The paper by Tsubokura and colleagues was published in the peer reviewed journal Health Physics (behind a pay wall). The authors collected data on internal radiation contamination in elementary and middle school students who commute to 22 schools located in Minamisoma City using a whole body gamma counter. The total body burden of radioactive cesium isotopes was a key variable as these isotopes are likely to be the most significant fission products with respect to total internal radiation exposure. Students from 6 to 12 years of age visited Minamisoma Municipal General Hospital, while middle school students from the ages of 12 to 15 years were screened at Watanabe Hospital. The hospital locations are indicated below relative to the exclusion and controlled zones around the Fukushim Dai-ichi NPP.
All measurements were performed at Minamisoma Municipal General Hospital and Watanabe Hospital, both of which are located 23 km north of the plant.
Results indicated that none of the students had detectable levels of internal contamination with radiocesium. The stated detection limits of the analyses were 220 Bq body-1 for 134-Cs and 250 Bq body-1 for 137-Cs. No other gamma emitting radionuclides, with the exception of naturally occurring potassium-40 (K-40), were detected. The children did not report with any acute health problems. The authors calculate estimated maximum, combined, annual effective doses from 134-Cs and 137-Cs of 66, 40, and 25 µSv yr-1 for children aged 6, 10, and 15 years, respectively. The estimated does are well below the accepted dose limit recommendation for the public of ~1 mSv yr-1.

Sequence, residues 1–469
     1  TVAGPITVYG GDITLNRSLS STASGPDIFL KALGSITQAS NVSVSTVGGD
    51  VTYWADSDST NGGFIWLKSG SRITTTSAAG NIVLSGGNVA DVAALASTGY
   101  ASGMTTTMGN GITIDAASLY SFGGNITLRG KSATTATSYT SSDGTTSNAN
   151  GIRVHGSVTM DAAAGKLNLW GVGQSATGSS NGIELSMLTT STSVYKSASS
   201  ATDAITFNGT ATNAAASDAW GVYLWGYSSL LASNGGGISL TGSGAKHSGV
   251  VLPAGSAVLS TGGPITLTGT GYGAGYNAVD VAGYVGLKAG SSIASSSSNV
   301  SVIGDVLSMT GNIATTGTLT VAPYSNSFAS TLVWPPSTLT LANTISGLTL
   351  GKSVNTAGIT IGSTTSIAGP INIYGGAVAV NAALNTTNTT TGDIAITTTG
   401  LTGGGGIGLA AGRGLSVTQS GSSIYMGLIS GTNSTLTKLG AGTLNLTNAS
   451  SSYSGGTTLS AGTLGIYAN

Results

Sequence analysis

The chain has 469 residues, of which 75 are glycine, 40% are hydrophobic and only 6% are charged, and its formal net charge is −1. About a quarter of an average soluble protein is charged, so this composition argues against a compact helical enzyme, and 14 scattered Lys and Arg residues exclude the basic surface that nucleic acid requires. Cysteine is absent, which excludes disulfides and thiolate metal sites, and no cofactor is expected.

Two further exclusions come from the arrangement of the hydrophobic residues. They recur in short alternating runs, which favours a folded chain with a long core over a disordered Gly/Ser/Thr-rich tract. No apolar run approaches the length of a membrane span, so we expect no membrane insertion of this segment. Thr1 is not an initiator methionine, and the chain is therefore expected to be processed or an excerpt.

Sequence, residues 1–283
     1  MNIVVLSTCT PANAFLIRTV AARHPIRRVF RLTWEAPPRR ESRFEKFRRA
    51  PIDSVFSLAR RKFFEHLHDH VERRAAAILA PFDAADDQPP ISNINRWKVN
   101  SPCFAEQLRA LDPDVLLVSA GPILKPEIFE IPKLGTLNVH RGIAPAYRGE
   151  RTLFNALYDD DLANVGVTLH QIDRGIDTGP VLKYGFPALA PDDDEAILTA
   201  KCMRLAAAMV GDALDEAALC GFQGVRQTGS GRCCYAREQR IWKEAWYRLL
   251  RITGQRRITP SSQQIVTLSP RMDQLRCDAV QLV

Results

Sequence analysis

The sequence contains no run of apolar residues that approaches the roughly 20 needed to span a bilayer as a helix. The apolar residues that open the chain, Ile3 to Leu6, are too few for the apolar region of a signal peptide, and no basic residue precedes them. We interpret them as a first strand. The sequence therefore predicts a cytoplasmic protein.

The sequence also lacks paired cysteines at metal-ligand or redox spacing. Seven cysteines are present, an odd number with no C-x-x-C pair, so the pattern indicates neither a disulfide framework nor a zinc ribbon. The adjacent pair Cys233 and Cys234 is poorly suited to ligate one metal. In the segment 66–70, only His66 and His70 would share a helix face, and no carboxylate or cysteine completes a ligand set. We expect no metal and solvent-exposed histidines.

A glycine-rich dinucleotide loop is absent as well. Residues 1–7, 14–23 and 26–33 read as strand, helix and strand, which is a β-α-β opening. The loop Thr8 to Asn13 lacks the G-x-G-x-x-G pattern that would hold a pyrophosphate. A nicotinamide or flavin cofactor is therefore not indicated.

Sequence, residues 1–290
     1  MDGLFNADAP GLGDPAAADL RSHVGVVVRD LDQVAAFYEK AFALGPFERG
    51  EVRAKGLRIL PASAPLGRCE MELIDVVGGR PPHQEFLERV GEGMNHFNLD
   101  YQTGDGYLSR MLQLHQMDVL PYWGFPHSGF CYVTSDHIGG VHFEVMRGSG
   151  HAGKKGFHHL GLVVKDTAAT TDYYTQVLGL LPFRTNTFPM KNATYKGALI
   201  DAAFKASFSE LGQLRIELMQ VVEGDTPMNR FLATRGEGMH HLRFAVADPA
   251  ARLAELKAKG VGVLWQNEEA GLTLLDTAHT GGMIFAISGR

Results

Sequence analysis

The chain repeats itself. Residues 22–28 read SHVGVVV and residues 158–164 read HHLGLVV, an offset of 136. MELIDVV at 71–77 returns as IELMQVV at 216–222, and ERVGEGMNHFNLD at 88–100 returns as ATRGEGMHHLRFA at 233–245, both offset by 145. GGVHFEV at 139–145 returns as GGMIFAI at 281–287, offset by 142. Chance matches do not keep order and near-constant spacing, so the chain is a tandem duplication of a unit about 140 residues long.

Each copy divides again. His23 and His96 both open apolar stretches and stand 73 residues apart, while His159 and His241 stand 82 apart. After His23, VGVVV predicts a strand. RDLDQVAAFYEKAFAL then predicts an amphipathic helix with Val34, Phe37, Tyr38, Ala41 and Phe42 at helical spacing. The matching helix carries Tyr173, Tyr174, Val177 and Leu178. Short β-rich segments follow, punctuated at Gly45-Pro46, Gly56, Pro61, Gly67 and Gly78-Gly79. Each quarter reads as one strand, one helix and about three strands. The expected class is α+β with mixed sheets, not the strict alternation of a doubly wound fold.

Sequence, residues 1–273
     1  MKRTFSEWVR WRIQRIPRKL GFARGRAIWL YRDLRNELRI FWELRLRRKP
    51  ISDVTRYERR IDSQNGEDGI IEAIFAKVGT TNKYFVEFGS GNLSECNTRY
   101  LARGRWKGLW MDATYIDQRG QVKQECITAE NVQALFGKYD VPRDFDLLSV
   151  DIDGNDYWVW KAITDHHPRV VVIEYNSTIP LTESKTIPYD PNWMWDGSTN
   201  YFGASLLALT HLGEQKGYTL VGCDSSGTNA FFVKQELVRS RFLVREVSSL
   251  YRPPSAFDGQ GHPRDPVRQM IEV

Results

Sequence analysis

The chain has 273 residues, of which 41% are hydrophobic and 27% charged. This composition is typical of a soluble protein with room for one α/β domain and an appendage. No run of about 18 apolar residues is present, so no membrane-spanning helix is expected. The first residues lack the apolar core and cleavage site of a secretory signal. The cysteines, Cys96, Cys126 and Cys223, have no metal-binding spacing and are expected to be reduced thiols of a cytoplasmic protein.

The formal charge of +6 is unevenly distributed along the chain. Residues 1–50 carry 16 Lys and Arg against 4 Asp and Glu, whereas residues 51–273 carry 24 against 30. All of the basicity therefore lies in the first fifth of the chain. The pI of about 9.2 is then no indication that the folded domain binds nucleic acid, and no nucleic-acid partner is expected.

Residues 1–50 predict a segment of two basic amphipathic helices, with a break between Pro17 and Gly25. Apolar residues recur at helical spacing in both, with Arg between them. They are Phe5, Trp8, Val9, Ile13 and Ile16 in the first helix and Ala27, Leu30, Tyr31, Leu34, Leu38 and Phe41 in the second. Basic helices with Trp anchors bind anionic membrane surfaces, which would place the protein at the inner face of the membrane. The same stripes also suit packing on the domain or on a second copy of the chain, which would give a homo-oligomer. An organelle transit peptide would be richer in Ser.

The results of this study are similar to previous work which failed to find internal cesium in children using a scanner with a significantly lower detection limit of 50 Bq body-1. While these studies suggest that the contamination of children thus far is minimal other work by Tsubokura has detected limited contamination of adult populations eating diets rich in country foods.
Tsubokura M, Gilmour S, Takahashi K, Oikawa T, Kanazawa Y. Internal radiation exposure after the Fukushima nuclear power plant disaster. JAMA 308: 669–670; 2012.
The work thus far using whole body scanning devices suggests that internal radiation contamination of residents near the Fukushima Dai-ichi NPP is low. The authors stress that continued diet management and screening of foodstuffs for contamination in combination with whole body screening are will help in efforts to avoid or limit internal radiation exposure in contaminated areas of Japan.
Comments are closed on this story.